TDS and pH


What are TDS?

TDS stands for total dissolved solids, and represents the total concentration of dissolved substances in water. TDS is made up of inorganic salts, as well as a small amount of organic matter. Common inorganic salts that can be found in water include calcium, magnesium, potassium and sodium, which are all cations, and carbonates, nitrates, bicarbonates, chlorides and sulfates, which are all anions. Cations are positively charged ions and anions are negatively charged ions.

How do these solids end up dissolved in water?

These minerals can originate from a number of sources, both natural and as a result of human activities. Mineral springs contain water with high levels of dissolved solids, because the water has flowed through a region where the rocks have a high salt content. The water in the Prairie provinces tends to have high levels of dissolved solids, because of high amounts of calcium and magnesium in the ground.

These minerals can also come from human activities. Agricultural and urban runoff can carry excess minerals into water sources, as can wastewater discharges, industrial wastewater and salt that is used to de-ice roads.

What happens to the water when the TDS level is high?

Alone, a high concentration of dissolved solids is usually not a health hazard. In fact, many people buy mineral water, which has naturally elevated levels of dissolved solids. The United States Environmental Protection Agency (EPA), which is responsible for drinking water regulations in the United States, includes TDS as a secondary standard, meaning that it is a voluntary guideline in the United States. While the United States set legal standards for many harmful substances, TDS, along with other contaminants that cause aesthetic, cosmetic and technical effects, has only a guideline.

Most people think of TDS as being an aesthetic factor. In a study by the World Health Organization, a panel of tasters came to the following conclusions about the preferable level of TDS in water:

Taste of Water with Different TDS Concentrations;

Taste of Water with Different TDS Concentrations;

However, a very low concentration of TDS has been found to give water a flat taste, which is undesirable to many people.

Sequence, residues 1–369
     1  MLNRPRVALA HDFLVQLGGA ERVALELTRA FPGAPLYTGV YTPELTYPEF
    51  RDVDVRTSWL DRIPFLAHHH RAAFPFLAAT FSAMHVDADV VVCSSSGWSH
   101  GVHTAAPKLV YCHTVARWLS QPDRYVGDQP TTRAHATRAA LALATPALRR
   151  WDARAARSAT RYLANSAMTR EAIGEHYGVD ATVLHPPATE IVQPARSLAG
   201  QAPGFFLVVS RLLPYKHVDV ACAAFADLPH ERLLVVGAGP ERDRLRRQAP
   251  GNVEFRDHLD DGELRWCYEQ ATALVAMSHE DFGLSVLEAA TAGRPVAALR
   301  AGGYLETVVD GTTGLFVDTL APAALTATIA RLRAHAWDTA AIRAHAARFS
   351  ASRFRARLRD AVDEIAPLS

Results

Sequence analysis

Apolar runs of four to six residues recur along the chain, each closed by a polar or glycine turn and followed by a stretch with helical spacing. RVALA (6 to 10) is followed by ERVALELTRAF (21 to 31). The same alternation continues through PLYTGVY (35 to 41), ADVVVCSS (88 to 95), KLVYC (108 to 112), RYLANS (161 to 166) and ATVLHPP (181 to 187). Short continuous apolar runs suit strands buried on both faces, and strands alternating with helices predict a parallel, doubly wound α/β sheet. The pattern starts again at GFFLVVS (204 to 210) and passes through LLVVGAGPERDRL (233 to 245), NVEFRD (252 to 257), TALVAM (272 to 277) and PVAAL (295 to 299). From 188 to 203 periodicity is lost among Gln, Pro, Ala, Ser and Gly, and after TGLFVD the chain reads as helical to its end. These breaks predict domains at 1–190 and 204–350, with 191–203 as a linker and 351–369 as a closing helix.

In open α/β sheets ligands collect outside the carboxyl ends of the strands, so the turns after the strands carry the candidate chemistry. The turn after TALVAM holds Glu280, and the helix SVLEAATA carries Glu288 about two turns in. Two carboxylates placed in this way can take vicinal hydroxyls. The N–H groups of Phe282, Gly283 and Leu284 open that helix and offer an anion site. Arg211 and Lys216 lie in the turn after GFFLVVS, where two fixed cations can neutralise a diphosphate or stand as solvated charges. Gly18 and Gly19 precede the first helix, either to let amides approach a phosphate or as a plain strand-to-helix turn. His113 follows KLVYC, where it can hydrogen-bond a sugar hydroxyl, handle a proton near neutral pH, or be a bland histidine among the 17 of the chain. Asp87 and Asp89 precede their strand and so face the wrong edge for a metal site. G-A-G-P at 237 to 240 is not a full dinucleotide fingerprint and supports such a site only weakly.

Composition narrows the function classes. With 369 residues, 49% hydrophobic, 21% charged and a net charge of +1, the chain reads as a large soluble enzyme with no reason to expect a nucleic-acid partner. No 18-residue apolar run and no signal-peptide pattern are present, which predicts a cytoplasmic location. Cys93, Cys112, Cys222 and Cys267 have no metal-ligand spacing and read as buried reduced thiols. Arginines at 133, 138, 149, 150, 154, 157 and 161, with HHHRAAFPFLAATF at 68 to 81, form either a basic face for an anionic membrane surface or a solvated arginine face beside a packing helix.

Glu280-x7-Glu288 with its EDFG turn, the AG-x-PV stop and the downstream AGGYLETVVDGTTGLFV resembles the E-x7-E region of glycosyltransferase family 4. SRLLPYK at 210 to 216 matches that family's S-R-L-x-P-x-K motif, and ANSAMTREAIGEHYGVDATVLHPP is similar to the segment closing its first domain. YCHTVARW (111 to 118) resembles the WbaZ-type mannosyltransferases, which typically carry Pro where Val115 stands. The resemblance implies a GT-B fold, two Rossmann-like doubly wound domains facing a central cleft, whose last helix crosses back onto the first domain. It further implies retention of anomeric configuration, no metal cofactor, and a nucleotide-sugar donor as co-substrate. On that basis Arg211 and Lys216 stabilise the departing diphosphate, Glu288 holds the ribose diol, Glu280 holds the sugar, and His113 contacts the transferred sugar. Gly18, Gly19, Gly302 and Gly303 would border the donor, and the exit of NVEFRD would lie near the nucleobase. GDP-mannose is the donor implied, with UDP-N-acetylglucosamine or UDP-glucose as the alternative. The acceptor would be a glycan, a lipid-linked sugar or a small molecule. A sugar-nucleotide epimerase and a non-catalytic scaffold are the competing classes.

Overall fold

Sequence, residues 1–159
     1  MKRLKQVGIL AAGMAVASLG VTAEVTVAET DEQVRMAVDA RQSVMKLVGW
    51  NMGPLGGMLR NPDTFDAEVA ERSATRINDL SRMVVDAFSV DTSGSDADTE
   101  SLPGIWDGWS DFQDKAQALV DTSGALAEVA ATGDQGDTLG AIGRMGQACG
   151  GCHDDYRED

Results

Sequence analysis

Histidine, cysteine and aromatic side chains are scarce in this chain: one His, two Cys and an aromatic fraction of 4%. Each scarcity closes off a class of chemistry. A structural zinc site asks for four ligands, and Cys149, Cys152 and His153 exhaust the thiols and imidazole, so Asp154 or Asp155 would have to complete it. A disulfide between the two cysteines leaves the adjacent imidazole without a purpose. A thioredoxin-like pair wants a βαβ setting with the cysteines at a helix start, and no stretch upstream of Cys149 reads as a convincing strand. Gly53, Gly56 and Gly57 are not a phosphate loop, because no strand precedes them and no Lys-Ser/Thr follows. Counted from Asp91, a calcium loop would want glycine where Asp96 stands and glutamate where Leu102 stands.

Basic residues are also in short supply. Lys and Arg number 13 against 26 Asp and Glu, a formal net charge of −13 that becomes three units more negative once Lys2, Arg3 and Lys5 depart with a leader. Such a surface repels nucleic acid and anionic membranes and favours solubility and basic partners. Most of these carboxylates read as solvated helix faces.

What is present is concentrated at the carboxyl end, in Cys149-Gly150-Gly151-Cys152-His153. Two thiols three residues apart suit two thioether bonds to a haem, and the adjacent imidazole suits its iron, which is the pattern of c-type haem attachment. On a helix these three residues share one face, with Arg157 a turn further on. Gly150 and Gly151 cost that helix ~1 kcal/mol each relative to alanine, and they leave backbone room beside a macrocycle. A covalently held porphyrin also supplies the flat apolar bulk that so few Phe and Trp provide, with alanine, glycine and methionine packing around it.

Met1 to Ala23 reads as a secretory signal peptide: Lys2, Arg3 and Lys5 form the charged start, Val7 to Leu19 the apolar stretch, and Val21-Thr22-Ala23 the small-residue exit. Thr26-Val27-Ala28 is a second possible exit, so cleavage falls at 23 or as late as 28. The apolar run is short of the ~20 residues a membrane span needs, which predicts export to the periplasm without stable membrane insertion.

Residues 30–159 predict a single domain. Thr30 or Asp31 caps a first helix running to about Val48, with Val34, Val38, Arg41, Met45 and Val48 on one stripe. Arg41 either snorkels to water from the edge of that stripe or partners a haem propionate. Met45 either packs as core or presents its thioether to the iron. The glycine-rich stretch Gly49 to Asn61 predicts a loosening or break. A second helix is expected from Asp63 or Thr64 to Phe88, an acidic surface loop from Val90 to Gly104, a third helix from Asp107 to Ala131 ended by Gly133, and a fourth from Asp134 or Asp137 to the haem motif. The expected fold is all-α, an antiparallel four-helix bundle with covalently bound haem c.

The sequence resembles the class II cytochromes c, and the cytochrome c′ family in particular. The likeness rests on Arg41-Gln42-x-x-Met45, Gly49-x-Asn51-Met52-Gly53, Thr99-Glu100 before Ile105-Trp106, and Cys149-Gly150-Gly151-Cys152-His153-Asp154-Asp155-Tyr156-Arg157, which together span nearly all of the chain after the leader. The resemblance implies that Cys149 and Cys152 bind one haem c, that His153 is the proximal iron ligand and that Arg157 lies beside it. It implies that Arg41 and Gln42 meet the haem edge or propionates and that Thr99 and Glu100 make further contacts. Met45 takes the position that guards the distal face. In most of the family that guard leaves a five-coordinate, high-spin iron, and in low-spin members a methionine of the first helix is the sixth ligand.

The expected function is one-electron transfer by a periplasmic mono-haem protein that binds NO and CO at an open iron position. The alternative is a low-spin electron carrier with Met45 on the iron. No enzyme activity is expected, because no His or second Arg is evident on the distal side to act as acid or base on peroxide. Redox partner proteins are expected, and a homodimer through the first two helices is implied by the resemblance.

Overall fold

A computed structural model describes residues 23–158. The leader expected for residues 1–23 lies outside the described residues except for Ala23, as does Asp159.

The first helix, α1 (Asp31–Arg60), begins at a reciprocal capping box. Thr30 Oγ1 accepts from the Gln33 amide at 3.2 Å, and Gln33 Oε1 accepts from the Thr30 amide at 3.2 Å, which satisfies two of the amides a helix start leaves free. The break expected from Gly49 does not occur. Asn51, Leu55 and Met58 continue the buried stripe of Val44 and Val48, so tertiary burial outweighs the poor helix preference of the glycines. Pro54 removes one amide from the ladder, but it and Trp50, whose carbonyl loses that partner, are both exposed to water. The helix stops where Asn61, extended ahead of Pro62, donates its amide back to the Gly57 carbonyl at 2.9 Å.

Increased concentrations of dissolved solids can also have technical effects. Dissolved solids can produce hard water, which leaves deposits and films on fixtures, and on the insides of hot water pipes and boilers. Soaps and detergents do not produce as much lather with hard water as with soft water. As well, high amounts of dissolved solids can stain household fixtures, corrode pipes, and have a metallic taste. Hard water causes water filters to wear out sooner, because of the amount of minerals in the water. The picture below was taken near the Mammoth Hot Springs, in Yellowstone National Park, and shows the effect that water with high concentrations of minerals can have on the landscape. The same minerals that are deposited on these rocks can cause problems when they build up in pipes and fixtures.

Mineral Deposition from Minerals in Water at Mammoth Hot Springs

Mineral Deposition from Minerals in Water at Mammoth Hot Springs

However, while TDS itself may be only an aesthetic and technical factor, a high concentration of TDS is an indicator that harmful contaminants, such as iron, manganese, sulfate, bromide and arsenic, can also be present in the water. This is especially true when the excessive dissolved solids are added to the water as human pollution, through runoff and wastewater discharges.

What are the guidelines for TDS?

In Canada, substances that are considered to be dangerous in high amounts are listed as Maximum Acceptable Concentrations (MACs) in the Canadian Guidelines for Drinking Water Quality. However, substances that are not considered dangerous at their MAC, such as TDS, are given an aesthetic objective in the Guidelines. The Canadian guideline for TDS is less than 500 milligrams per litre (which is the same as 500 parts per million). However, given as the Canadian guidelines are not enforceable, each province is free to choose whether or not they will follow the guidelines. Saskatchewan has water that naturally contains high concentrations of TDS, so the province has chosen to not follow the Canadian guideline of 500 parts per million, and to implement its own guideline of 1,500 parts per million.